The Rankin House, located in Ripley, Ohio, was an important stop on the Underground Railroad, which provided safe houses for slaves who were escaping to Canada. A National Historic Landmark, the Rankin House is included in the National Underground Railroad to Freedom Network.

The House:

The Rankin House stands on a large hill, almost 650 feet above the water level of the river. John Rankin would stand at the top of this hill, known as Liberty Hill, and signal across the Ohio River with a lantern or candle. This would let slaves in Kentucky know that it was safe to cross the river. Because the house was so high above the water, slaves could see the signal from miles away. Most of the slaves who traveled through Ripley stayed at the Rankin House because the Ohio River is relatively narrow at Ripley, making the crossing easier for slaves.

Built in 1825, the Rankin House was home to abolitionist and Presbyterian minister John Rankin, his wife Jean, and their thirteen children. It is estimated that over 2000 slaves stayed at the Rankin House, sometimes as many as twelve at a time. Slavery was illegal in Ohio, but runaway slaves could still be apprehended due to the Fugitive Slave Law of 1850. In order to avoid danger, slaves had to leave the United States.

John Rankin:

Born February 4th, 1793 in Tennessee, John Rankin was a Presbyterian minister and an important conductor on the Underground Railroad. He was active in the abolitionist movement throughout his life, beginning with his formation of an anti-slavery society in Carlisle, Kentucky in 1818. After preaching in Kentucky for several years, Rankin and his family moved to Ripley. While living in Ripley, he published Letters on American Slavery, a collection of letters he had written to the local paper. These letters were later printed in William Lloyd Garrison’s abolitionist newspaper The Liberator.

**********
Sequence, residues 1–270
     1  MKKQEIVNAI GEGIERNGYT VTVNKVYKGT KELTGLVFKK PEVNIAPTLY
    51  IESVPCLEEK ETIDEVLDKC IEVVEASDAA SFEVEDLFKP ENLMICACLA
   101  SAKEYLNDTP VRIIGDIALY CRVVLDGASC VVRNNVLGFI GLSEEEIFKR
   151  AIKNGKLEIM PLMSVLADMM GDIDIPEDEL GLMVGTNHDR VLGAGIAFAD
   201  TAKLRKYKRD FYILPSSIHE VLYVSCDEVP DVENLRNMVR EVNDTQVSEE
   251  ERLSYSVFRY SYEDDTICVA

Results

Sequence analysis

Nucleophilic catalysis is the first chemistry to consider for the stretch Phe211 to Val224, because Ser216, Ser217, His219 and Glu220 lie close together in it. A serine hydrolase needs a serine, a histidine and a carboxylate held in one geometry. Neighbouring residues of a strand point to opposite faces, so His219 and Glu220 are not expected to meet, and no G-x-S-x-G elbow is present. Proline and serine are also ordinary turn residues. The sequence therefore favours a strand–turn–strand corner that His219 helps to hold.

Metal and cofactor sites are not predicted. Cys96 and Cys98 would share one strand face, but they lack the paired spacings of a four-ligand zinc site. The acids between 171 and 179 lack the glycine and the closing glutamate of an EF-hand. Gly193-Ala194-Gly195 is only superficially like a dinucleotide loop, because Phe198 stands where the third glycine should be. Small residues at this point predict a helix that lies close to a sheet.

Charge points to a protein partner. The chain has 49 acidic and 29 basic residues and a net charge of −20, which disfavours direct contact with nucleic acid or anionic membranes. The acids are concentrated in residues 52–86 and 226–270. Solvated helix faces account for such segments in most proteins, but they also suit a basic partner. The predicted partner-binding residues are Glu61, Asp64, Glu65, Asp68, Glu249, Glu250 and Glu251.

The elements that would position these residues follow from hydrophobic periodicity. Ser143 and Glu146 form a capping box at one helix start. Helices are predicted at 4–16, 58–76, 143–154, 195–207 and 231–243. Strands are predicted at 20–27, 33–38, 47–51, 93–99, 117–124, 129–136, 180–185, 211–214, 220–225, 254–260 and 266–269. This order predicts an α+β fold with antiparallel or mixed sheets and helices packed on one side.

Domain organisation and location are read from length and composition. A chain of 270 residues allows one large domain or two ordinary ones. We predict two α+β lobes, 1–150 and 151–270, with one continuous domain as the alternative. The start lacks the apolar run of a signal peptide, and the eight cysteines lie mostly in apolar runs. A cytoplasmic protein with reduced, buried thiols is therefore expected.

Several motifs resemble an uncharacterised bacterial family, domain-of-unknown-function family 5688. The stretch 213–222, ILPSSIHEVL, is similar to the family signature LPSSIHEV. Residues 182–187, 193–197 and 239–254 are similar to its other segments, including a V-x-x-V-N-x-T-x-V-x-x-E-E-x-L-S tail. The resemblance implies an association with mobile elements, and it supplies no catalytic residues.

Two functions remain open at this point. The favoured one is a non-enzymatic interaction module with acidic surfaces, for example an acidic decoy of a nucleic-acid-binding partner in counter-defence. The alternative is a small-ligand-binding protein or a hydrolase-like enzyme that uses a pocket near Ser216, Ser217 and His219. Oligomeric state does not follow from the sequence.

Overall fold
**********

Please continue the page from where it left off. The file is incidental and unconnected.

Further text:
In 1835, he helped found the Ohio Anti-Slavery Society in Zanesville. Rankin and his fellow founders employed lecturers to spread abolitionist sentiment in Ohio. They also partnered with James Birney’s abolitionist newspaper, The Philanthropist, to increase awareness about the society and its work. Initially, the group experienced great success, growing to over ten thousand members in its first year. However, they also faced opposition from the pro-slavery movement. Angry pro-slavery advocates destroyed Birney’s printing press to prevent The Philanthropist from being published. There are also records of mob violence occurring at the society’s meetings and members being personally targeted. Opponents of the society once shaved the tail and mane of Rankin’s horse to embarrass him. However, Rankin and his cofounders were undeterred. They continued to publish The Philanthropist and spread their message throughout Ohio.

In addition to the Ohio Anti-Slavery Society, Rankin also helped establish the Free Presbyterian Church of America, which prohibited slave owners from becoming members, and the Ripley Anti-Slavery Society. In 1828, he helped found the College of Ripley. The next year, the college admitted its first African-American student. Though not confirmed, it is also believed that Ulysses S. Grant was a student at the college during the winter of 1838-1839.

Rankin continued to lecture, preach, and write against slavery for many years. He died March 18th, 1886, in Ironton, Ohio and is buried with his wife in Ripley’s Maplewood Cemetery.

Rankin’s work was acknowledged by many of his abolitionist peers, including William Lloyd Garrison and Harriet Beecher Stowe. Stowe based the character Eliza in Uncle Tom’s Cabin on Rankin’s account of a slave who had stopped at his house after crossing the Ohio River with her child.

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Rankin House